It has been a slow and often painful goodbye since Dad was diagnosed with dementia. We take comfort knowing he is no longer in a constant state of confusion and has found peace. Mom and I got to visit him a month ago, one of the few times either of us saw him since the pandemic began. He was in a wonderful mood, despite a fractured hip and a two-month hospital stay for coronavirus followed by other complications. And yet somehow, he was walking again, even lending a hand at rehab by answering the phone at the nurses’ station, though abruptly hanging up on most callers.
I will always have the memories: Sunday afternoons at the downtown Y. Dixie Youth Baseball. Summer vacations. Spring Breaks on the coast. A World Series. Auburn (and even a few Bama) football games since I was a toddler. Three Sugar Bowls. The smell of his pipe. Politics. Newspapering. Juris Doctorate at 47. Advice. Love. Security. A moral compass. And so many more.
But it was his love of family and friends and his willingness to always help others, sometimes to a fault, that will be remembered most.
I’ve told the story before about the letter Dad penned to me when I was just an infant. He wrote, “The ability to like others and have a personality which will allow others to like you is the best quality you can possess. It takes practice as well as natural ability. There is nothing which can help you out in life more than this quality.”
Reading the many remembrances and condolences over the past week, the one thing those who knew him best mentioned more than anything was his kindness and likability.
I’m forever grateful to have followed my father’s path. Love you, Dad.
I want to close by sharing the words of Judge Ed Tease, of Florence, one of Dad’s oldest and dearest friends.
“I lost a dear friend yesterday. Robert Archer Martin of Montgomery, but really of the Shoals. He attended Sheffield schools while his father was a Methodist minister. Graduated from Florence State College. Worked for the Florence Times, rising to upper echelons of news. Came within 1% of being elected to the Alabama Legislature in 1966. Was a member of a U.S. Army Reserve Unit in Sheffield, the Fighting 336th Army APU. He recorded in dramatically historic images the death in flames of the iconic Forks of Cypress on June 6, 1966 after calling me to accompany him. I should have gone. Moved his family to Montgomery in 1971 to become the public affairs officer for a new Chief Justice of a new Court System which he worked tirelessly to help adopt. He did more than anyone besides Chief Justice Heflin to see to its adoption and successful liftoff, providing Alabama with the best court system in the nation per the American Judicature Society. He was married to Nancy Peace Martin of Florence, an educator, and always a star partner of his innumerable enterprises. As his time with the Court System was coming to an end, he acquired a newspaper, his first love. He and Nancy made it a huge success of it. The Independent was owned for many years by Florence's own, legendary editorial writer, Tom Johnson, who studied at the knee of Grover Hall, a Pulitzer Prize winning editor of the Montgomery Advertiser. Bob and Nancy (and son Jeff) published other regional weeklies in Elmore County. Jeff has assumed the role of publisher and editorial writer for the Independent. I have subscribed for over 50 years.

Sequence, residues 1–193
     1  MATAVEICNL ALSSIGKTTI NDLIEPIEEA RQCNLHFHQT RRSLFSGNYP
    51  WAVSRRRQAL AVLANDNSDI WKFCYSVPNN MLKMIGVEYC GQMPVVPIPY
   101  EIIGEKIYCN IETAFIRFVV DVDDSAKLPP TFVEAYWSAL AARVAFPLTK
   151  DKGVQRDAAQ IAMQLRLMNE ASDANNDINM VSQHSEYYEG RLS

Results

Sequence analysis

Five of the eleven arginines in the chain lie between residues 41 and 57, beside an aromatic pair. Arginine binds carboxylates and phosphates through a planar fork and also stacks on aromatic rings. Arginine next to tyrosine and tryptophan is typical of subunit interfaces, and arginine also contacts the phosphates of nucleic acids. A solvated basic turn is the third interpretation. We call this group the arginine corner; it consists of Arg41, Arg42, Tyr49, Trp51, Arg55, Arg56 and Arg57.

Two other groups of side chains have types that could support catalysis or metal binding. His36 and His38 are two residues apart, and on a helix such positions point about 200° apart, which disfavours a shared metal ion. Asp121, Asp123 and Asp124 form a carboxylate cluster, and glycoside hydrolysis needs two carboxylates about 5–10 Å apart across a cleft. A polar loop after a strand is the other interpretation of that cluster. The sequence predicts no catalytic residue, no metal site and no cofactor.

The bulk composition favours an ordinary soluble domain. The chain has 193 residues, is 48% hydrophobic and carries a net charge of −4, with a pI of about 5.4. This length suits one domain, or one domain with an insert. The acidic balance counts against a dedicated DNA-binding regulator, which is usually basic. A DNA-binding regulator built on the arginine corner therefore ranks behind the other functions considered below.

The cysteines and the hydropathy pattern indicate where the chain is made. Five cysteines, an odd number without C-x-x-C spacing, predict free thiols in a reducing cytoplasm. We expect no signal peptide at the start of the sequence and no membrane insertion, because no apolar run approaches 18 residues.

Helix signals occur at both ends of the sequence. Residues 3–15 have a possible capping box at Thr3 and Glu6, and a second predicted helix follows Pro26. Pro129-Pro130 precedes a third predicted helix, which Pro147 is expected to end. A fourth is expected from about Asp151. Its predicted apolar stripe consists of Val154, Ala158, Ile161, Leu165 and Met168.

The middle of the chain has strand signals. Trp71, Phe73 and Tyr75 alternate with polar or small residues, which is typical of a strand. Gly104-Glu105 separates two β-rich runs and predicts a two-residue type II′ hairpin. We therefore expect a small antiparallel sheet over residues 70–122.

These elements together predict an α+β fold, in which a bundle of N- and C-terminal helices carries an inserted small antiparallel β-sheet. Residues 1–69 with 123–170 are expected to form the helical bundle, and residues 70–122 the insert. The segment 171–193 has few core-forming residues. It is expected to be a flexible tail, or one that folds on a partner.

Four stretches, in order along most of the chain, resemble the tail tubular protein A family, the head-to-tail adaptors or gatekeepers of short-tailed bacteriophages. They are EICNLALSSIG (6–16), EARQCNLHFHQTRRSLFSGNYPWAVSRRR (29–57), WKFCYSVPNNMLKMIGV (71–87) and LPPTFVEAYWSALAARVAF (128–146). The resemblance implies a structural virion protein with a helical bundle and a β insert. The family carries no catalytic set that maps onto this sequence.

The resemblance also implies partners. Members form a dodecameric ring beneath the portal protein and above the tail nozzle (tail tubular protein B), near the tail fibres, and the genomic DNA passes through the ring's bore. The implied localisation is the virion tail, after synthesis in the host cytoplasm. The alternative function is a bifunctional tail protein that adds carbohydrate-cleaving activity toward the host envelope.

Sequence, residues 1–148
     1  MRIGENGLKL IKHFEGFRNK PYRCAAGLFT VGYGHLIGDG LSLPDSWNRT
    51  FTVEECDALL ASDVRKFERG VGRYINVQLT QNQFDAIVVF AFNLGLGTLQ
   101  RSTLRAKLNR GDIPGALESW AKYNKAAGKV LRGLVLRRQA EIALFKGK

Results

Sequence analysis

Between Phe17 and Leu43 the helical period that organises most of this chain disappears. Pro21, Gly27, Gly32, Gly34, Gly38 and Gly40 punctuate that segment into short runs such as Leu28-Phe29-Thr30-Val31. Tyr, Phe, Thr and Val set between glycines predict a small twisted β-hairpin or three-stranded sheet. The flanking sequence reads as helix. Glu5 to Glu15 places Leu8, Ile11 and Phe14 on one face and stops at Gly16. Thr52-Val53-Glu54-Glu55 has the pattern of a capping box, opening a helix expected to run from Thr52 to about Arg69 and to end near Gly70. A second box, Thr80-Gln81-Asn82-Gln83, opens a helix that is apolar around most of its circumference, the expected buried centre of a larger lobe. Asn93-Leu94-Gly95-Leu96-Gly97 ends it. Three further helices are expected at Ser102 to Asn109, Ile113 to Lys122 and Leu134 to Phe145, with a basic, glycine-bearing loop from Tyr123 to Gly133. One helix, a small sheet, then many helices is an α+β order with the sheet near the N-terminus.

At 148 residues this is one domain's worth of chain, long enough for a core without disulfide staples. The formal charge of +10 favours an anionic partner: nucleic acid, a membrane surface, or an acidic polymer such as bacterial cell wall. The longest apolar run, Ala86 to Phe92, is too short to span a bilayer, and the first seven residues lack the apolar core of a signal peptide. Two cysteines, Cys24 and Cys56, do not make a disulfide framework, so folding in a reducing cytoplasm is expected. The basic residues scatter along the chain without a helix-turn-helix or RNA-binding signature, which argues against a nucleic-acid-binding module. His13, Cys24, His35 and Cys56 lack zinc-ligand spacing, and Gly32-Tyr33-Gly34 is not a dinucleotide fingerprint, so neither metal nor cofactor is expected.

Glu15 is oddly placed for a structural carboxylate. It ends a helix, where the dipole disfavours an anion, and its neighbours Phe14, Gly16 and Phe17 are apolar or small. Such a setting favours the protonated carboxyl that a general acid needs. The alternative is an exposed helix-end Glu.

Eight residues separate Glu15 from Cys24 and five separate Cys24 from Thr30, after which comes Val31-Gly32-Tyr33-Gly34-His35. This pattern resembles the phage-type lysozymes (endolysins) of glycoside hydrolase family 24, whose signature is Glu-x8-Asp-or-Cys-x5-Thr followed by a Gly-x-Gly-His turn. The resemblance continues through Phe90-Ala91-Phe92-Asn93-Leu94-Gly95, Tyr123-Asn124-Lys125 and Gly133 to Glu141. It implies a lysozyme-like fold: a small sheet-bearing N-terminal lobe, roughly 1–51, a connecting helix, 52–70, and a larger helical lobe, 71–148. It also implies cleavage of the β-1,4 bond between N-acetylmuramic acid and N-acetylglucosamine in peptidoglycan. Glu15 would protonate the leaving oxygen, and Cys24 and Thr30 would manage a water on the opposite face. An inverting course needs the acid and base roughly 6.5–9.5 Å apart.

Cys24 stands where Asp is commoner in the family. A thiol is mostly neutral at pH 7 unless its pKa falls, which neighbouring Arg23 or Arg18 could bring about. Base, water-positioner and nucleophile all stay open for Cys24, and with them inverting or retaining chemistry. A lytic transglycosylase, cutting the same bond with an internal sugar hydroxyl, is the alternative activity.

Bob Martin did not have a hostile bone in his body. He had this disarming kindness about him, which he exhibited to all. He was extremely bright, well read and did I mention funny. He could make anybody laugh, except Dr. Bronner a few times. But he was privately a great admirer of David Bronner. He was for the most part a loyal Democrat, except when friendships and necessity suggested otherwise. He was good at most everything, except gas mask training at Camp Shelby, Mississippi.
He was justifiably proud of his family, Nancy and several successful children, and enjoyed a close relationship with them all. A great father.
I always enjoyed a call from Bob which continued until health declined.
He even beat Covid19 recently and continued to surprise his family and friends as always.
Rest in peace, Bob. I, and countless others, will miss you.“